The Writing Rooms

“Joining the writing room encourages me to make time to write, no matter what it is I’m writing. It is lovely to have this moment to connect with a community and moreover, to be part of the space that Rebecca holds for us.” Lucy Solnitt

Ridley’s Writing Room & The Write Lab

How do Writing Rooms work exactly? You bring your writing project, whatever state it is in and join with other writers online via Zoom, for free. We check in at the start and end of the hour, and in between you get that much-needed time to sink deep into your writing. YES!

Every Tuesday at 8pm I host Ridley’s Writing Room where writers gather in a virtual room to write together. It’s free and online.  The Writing Room is a supercool space and it’s amazing how much you can get done in less than an hour. If you would like to join us, you can sign up here.

“The writing room is my time to write without interruptions from family. It helps me stay focussed for that time and having others doing the same thing is motivating. Even if I’ve not managed any time to write outside of that, the hour in the writing room gives me a chance to get back on track. It’s my writing me-time.” Hazel Walshaw

On Friday lunchtimes at noon UK, I co-host The Write Lab – a second hour in the week where writers can get together via Zoom for free and work on their latest writing projects. It’s a much sought-after quiet hour in our busy day where words and page get the opportunity to meet in a safe and supportive space. It’s a bit like a lunchtime running group – but for writers. If that sounds like something that would light you up then please do sign up via Calendly to join us here.

“I absolutely love the Writing Room, as it’s a weekly commitment to turning up & getting some words down! Doesn’t matter how productive (or not!) that hour is, having company to sit still with and not get distracted makes all the difference!” Astrid Blee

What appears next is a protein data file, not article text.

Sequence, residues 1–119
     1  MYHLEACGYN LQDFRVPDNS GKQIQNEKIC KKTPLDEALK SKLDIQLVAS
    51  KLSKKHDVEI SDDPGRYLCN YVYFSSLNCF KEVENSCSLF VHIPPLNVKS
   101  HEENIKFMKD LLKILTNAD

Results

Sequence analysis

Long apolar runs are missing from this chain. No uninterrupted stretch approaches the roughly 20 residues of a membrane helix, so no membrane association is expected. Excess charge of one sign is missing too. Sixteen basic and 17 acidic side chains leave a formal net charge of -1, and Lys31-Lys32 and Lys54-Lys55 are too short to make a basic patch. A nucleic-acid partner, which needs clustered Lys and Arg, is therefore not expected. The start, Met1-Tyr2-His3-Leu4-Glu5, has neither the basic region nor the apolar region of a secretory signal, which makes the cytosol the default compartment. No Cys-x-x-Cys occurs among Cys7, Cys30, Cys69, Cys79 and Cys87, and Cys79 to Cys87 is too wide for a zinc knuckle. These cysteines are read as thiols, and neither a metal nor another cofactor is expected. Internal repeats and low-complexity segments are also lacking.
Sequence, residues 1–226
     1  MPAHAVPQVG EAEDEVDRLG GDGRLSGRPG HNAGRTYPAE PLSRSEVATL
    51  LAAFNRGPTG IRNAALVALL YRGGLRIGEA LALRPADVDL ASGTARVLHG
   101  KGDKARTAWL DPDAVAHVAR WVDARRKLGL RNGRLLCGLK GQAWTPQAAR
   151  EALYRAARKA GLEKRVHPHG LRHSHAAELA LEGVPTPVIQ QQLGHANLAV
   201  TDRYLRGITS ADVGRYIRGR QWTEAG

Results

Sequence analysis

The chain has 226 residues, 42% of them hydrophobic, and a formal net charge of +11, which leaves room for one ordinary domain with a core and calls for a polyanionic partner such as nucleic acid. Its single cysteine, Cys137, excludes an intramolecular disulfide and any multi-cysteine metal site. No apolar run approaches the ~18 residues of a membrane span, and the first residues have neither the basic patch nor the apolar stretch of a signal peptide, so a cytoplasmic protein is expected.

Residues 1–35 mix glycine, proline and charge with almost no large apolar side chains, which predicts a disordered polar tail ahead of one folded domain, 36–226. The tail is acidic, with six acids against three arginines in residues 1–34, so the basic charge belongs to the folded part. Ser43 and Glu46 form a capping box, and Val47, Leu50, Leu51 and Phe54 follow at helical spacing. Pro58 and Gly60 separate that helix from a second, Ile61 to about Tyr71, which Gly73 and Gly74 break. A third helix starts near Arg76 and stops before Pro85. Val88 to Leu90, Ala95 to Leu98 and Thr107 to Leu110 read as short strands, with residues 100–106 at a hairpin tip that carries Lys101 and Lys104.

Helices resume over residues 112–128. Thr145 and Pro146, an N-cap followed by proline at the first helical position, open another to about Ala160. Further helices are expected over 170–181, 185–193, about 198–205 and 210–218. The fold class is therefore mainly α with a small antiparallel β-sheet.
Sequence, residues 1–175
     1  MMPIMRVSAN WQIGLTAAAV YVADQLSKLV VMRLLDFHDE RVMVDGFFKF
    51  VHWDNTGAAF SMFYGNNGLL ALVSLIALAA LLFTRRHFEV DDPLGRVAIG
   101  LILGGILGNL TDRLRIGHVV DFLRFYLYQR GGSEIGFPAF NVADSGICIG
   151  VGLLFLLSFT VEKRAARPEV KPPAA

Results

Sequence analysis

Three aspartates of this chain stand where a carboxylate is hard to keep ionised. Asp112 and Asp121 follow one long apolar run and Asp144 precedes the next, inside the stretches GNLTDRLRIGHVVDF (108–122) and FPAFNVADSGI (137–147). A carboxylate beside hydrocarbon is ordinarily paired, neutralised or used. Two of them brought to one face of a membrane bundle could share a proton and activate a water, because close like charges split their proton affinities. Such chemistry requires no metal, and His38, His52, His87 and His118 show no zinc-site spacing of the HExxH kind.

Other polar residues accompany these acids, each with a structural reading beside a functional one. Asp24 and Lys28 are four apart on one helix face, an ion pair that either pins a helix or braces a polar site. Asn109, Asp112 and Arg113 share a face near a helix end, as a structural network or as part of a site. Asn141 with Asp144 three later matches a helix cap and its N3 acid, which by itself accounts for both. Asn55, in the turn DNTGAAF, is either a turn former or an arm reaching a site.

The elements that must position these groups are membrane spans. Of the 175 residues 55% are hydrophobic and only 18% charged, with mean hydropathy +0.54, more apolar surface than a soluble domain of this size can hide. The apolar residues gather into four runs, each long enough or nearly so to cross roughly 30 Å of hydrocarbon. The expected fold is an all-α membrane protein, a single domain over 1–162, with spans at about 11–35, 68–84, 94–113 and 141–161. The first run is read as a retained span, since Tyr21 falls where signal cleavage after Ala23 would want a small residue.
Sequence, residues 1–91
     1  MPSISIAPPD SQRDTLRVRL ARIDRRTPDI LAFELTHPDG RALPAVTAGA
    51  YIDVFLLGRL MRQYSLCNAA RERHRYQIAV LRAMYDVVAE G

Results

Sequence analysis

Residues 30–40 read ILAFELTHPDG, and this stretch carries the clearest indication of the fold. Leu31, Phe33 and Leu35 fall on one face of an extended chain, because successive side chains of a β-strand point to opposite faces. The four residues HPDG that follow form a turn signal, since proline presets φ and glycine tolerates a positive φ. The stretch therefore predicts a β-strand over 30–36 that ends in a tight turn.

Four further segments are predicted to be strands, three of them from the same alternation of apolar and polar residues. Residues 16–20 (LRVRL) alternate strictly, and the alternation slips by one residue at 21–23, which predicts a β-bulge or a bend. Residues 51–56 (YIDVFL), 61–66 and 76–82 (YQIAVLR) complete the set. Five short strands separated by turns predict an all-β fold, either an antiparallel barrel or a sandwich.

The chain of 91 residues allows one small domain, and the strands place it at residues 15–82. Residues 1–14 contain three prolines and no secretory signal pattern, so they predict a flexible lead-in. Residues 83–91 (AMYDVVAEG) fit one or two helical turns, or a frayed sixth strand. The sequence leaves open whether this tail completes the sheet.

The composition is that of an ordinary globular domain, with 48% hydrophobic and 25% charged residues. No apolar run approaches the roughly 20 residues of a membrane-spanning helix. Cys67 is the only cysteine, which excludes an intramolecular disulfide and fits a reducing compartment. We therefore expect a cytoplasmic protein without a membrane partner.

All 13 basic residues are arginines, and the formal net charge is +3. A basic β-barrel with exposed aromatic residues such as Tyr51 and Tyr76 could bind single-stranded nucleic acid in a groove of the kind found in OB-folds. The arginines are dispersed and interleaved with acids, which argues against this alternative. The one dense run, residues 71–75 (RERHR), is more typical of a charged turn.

Why the Writing Room spaces?

I’m on a mission to get more of us writing in community. Not as the only way there is to write, but as a healthy, wholesome way that we can write. A way that is different to the normalised version of writing as an activity that happens alone, behind a closed door, a private, secretive process. In the writing rooms we get to be people who write together and there’s a real magic to it. For me there’s a rebellion to it too, it puts two fingers up at the lone, white, male writer, working away in their solitary ivory tower producing erudite words of prose. Writing is messy, it’s charged, it’s empty, it’s difficult to find time for, it’s difficult to stop once you get started. It can be done anywhere with or without anyone.

It’s a love affair but it’s also with ourselves, and we’re too easy to stand up. Writing together is a way of announcing our commitment to ourselves – and a way of being a beacon to others. Writing together we show each other how we do it, give each other the strength to do it. Writing is the kid sister of storytelling – she who is now and will always be the mother of the campfire, the blaze of wonder in the dark, the secret low voice, the terror and the joy. Writing longs for that ancestral fireside. The writing rooms give her – and you – the warmth that was first sparked in the places of long ago beforenow time. It connects us to the eternal line of storytelling.

Magic. Powerful. Accessible.

“Virginia Woolf said “a woman must have money and a room of her own if she is to write fiction”, two essential ingredients to be sure, but, nearly 100 years later, I would argue that there are two more to add to that list – time and community.

In 1927, writers weren’t having to juggle their writing with a 40 hour work week, or the incessant pings of a mobile phone, or even doing their own laundry. Having an hour every Tuesday that is carved out particularly for writing, and knowing there are others there in the exact same boat as you, has been invaluable. It’s made actually getting the ideas that have spent years swimming around in my brain out of my head and onto paper infinitely more possible than it was before, and I’m very thankful to have a group of people there with me.” Anna Delves

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